7. It is true that the accused was living separately from PW 1 Mohansingh. The relations between them were not very happy. Mohansingh had lodged a proceeding under Section 107, Cr.P.C. against the accused before this occurrence. But this fact is not sufficient to discard the testimony of PW 1 Mohansingh or his wife PW 2 Mst. Surjeet Kaur. The fact that they are the son and daughter-in-law of the deceased-victim does not detract from the value to be attached to their testimony.

8. PW 3 Jogindersingh deposed that at about 9.00 or 9.30 A.M. on the day of occurrence he was going to the house of Gulabsingh (PW 4) to recover his labour charges from him. The house of Gulabsingh is situate just opposite to that of Mohansingh. When he remained 4 or 5 paces away, he saw that accused Gurasingh took up a Tamba, went to the Bethak of Ganda Singh and started striking blows to him with it. Mst. Surjeet Kaur was there in the house. He and she raised cries. Mohansingh also came there 1 and challenged the accused. The accused thereafter ran away taking the Tamba with him. Many persons came there. The name of this witness has been mentioned in First Information Report. In cross-examination he admitted that a criminal case relating to illicit liquor was pending against him. He denied the suggestion that it was he who had killed Gandasingh at the behest of Mohansingh (PW 1). We find no force in the contention of the learned Counsel that the testimony of this witness should be disbelieved as he has bad antecedents. Simply because some criminal case is pending against him, his testimony does not become incredible. It is true that he was examined by police two days after the occurrence, but that is immaterial specially when his name has been mentioned in the First Information Report which was promptly lodged without any delay. Gulabsingh (PW 4) of course denied that he owed any labour-charges to this witness. But the hostile attitude of PW 4 Gulabsingh does not persuade us to dismiss the testimony of this witness Jogindersingh. We also find no merit in the contention of the learned Counsel that Jogindersingh is only a change witness. He had given reasons as to how he happened to pass in the Courtyard of the victim. A look into site plan Ex. P. 2 will reveal that the house of Gulabsingh (PW 4) is situate just opposite to that of the victim and anybody can pass freely from west to east.

9. The learned Sessions Judge accepted the evidence of these witnesses as true arid on a careful consideration we are unable to take a different view. The evidence of the witnesses should be properly assessed, sifted, scanned, scrutinized and appreciated keeping in view the surrounding circumstances and the background in which the offence is alleged to have been committed. Mere suggestions in cross-examination, however, ingenious are of no evidentiary value unless accepted by the witness or proved by other evidence. There must be something inherent in the statement of a witness to disentitle him to be believed. There is no presumption of perjury against the oral testimony of a witness. But before acting upon such testimony its credibility should be tested both. intriguingly intrinsically and extrinsically. There is nothing inherent in the statement of these three witnesses to disentitle them to be believed. It does not appear from the circumstances that PW 3 Jogindersingh was a chance witness or that his services were procured and purchased by PW 1 Mohansingh to falsely depose against the accused. Gandasingh was living with Mohansingh. He was an old man and it was Mohansingh and the members of his family who were looking after him. It is beyond our comprehension, that Gandasingh would be done to death by Mohansingh or at his behest by Jogindersingh or somebody else. We cannot assume the facts merely on conjectures and surmises as was suggested by the learned Counsel for the accused. In our opinion, the evidence of these three witnesses is beyond reproach. Their testimony is free from suspicion and above board. No risk is involved in convicting the accused on the strength of what they testified on oath.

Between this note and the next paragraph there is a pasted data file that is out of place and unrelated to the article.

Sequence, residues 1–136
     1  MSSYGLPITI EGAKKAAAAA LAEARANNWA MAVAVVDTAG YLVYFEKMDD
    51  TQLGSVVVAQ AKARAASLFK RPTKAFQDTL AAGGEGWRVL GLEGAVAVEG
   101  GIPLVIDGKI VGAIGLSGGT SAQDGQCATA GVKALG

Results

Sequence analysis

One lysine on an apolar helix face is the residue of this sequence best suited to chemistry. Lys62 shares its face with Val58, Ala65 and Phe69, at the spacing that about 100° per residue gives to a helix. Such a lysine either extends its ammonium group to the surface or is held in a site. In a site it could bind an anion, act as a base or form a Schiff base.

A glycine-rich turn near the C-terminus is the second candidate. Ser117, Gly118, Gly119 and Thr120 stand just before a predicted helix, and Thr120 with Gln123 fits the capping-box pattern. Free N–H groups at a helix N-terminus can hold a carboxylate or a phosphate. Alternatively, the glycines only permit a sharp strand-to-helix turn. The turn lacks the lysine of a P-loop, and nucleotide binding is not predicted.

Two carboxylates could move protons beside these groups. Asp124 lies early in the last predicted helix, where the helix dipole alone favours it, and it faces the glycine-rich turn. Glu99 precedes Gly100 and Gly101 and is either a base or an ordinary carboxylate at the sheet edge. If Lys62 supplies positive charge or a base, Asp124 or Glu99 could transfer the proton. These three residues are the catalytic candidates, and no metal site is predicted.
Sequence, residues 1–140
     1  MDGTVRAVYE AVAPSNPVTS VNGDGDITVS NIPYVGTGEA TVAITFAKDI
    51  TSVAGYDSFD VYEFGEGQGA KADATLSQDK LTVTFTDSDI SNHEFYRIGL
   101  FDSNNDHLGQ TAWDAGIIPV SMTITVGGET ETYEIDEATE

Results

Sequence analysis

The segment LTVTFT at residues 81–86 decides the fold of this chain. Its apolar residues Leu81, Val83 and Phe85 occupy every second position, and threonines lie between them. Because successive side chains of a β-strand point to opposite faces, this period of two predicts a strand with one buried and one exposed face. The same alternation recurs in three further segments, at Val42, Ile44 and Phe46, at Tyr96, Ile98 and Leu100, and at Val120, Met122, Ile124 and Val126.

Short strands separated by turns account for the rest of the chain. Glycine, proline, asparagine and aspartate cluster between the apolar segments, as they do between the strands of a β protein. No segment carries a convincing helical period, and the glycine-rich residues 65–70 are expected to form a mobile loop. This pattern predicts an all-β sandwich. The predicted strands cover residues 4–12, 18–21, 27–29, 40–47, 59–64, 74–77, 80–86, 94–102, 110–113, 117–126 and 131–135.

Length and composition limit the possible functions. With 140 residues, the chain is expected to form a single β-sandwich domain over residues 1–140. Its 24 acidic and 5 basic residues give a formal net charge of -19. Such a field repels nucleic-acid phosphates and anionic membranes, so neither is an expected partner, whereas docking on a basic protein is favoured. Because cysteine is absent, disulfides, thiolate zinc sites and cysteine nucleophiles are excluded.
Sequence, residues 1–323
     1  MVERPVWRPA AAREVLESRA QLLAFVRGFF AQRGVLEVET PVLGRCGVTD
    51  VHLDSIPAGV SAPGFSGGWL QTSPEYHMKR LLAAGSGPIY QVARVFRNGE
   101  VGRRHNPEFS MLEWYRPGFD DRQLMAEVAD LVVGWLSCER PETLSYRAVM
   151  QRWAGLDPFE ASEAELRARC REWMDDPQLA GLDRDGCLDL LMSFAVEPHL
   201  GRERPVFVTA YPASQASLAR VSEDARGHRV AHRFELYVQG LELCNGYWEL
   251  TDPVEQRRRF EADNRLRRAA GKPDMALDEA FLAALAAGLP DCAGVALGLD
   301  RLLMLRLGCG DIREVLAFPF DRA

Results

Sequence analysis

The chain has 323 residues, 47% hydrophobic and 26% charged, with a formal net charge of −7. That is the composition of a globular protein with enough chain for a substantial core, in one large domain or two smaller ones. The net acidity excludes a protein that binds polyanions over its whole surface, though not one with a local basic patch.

10. It is true that deceased Gandasingh had made a will of all his agricultural lands including that in possession of the accused in favour of the wife and sons of PW 1 Mohansingh. The wife of Mohansingh has filed a suit on the basis of will against the accused and others after this incident. But it is not sufficient to persuade us that Mohansingh wanted to finish Gandasingh as soon as possible. It was he and his family who were to be benefited by that will. We are, therefore, unable to accept the contention that Gandasingh could be put to death by Mohansingh or by somebody else at his investigation.